Londoners are, by nature, pretty angry. I know, I’ve been there. Just yesterday I shoved a woman on the tube with a backpack who wouldn’t move out the doorway. We’ve a lot to get mad about.

Which is why I possibly started one morning this week, shall we say, rather pissed off. I felt like work wasn’t taking me seriously. I was becoming disillusioned with what I was doing. Everything felt like an uphill struggle. I was tired. I was irritated. It felt like rather than relishing my work and living ly life I was going through the motions. My brain had been wired into a negative loop which it wasn’t able to break out from.

So it was that one morning I had the novel idea to write to my boss, a furious letter of all the things which were working against me in our team. I spared nothing, writing articulately but coming as close to a written rant as my nature and basic workplace decency would allow.

The novel part was, that I didn’t send it. A few mornings later it still lies, signed, sealed and unsent, in my documents folder.

Yet the cathartic nature of this letter and the mental release which it afforded I’m afraid mere words on the page can barely express. It was as though the anger and resentment had moved from a great, frothing mass in my head to merely a trace. A shadow. I meditated, trying to choose a guided meditation which would “re-code” my brain out of the negative funk in which it had somehow found itself. Somehow, as I went about my day, I resolved to let my attitude change. I would simply stand back and let the things I couldn’t alter drift by. I’m not going to pretend it was perfect, I wasn’t suddenly sitting on a lotus blossom chanting “om” and being at one with the butterflies, but something did change. Resentments I’d been feeling towards colleagues melted away, and things, for whatever reason, became easier. Ideas flowed, creativity flourished, and I re-discovered the love for my job I’d had 10 months ago when I first started. The power-struggle I felt like I’ been locked in evaporated and the knots of office-tension eased.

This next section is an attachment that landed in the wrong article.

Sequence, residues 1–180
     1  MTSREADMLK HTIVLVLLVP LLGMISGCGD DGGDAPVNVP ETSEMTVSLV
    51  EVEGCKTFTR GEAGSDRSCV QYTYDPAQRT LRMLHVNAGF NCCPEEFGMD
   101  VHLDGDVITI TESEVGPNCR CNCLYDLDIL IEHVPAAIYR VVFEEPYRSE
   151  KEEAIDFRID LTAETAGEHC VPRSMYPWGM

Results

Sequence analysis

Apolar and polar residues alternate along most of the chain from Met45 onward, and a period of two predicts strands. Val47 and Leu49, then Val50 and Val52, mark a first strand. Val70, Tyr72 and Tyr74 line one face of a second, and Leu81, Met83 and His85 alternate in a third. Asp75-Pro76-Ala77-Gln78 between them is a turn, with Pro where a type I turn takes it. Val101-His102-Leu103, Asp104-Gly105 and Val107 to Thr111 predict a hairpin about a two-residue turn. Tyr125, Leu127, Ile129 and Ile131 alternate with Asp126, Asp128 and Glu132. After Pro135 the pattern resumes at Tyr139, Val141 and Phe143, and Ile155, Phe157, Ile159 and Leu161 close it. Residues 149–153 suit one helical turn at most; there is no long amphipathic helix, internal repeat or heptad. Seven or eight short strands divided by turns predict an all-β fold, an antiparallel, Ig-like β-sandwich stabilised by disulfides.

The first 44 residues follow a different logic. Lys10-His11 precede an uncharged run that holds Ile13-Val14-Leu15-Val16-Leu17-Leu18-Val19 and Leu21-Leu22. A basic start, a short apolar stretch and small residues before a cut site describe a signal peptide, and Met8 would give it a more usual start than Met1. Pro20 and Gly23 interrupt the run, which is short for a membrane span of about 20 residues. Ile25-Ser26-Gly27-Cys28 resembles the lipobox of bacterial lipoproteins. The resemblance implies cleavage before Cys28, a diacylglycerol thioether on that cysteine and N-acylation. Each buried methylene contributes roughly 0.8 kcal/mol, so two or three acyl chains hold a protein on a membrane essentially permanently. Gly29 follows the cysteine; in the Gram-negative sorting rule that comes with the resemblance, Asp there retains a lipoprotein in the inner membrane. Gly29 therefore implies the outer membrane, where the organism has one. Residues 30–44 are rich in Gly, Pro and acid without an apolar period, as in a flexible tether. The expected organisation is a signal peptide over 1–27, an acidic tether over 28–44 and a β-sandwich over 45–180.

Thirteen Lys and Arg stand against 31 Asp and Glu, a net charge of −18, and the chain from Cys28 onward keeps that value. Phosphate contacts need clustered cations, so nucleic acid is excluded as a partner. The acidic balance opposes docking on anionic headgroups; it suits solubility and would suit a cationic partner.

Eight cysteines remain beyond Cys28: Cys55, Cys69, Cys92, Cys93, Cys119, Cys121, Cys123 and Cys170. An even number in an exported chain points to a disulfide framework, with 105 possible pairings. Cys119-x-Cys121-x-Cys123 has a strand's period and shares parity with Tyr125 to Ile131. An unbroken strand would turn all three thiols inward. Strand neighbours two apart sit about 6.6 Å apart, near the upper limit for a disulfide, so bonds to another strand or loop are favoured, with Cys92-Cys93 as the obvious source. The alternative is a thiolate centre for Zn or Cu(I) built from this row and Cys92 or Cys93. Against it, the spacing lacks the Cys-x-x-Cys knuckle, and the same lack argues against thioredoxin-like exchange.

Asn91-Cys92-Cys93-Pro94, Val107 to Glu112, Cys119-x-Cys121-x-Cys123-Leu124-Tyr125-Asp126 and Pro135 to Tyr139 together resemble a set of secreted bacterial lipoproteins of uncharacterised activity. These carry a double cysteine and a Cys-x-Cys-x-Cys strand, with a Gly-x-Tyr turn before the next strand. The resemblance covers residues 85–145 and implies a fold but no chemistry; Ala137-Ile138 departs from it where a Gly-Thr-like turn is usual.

It’s strange, sometimes, to look around and wonder what dramas are steaming through the heads of people all around us, which we’ll never know. Even those close to us. I suddenly felt like I’d gone through an entire kaleidoscope of emotion without uttering a single syllable. Something which, if I’m honest, I don’t usually do. I need to voice my problems to even begin getting a handle on them. I think sometimes it;s a strain my friends bear with a necessary degree of equanimity.

But a part of me was proud that, with no outside help or input I’d somehow taken responsibility to alter my own attitudes. It struck me how everything we do, and however we interpret it in our individual ways, comes down to attitude. We can resent someone else or we can be happy for them. It may not be from our heart truly, but we can muster enough face to face it, I think. We can rail and scream at the injustices of our lives, of the breakups or silences or ignorances which make us want to take our fellow human being and flay them, or we can breathe deep and see, even in the most minute way, the positives in our situation.

I’m as skeptical of over-embellished words of philosophy as anyone else. I think some of the ancients tapped into a collective psyche of some sort in their writings, but I find a lot of modern literature on the subject to be air-headed and superfluous. It’s like a lot of what the Dalai Lama says – it’s pretty rhetoric and true in its own way, but hardly conducive to the practicalities of everyday life. Sir Dalai doesn’t have to take a crowded commute every morning to a stressful city job. But it was amazing to watch a change in attitude have a knock-on effect to other parts of my life. It was like turning the mirror back upon myself and seeing a new way. And, to say it truthfully, life is just so much more pleasant with a good attitude.

Anger may be a temporary relief, but really, it’s such hard work.


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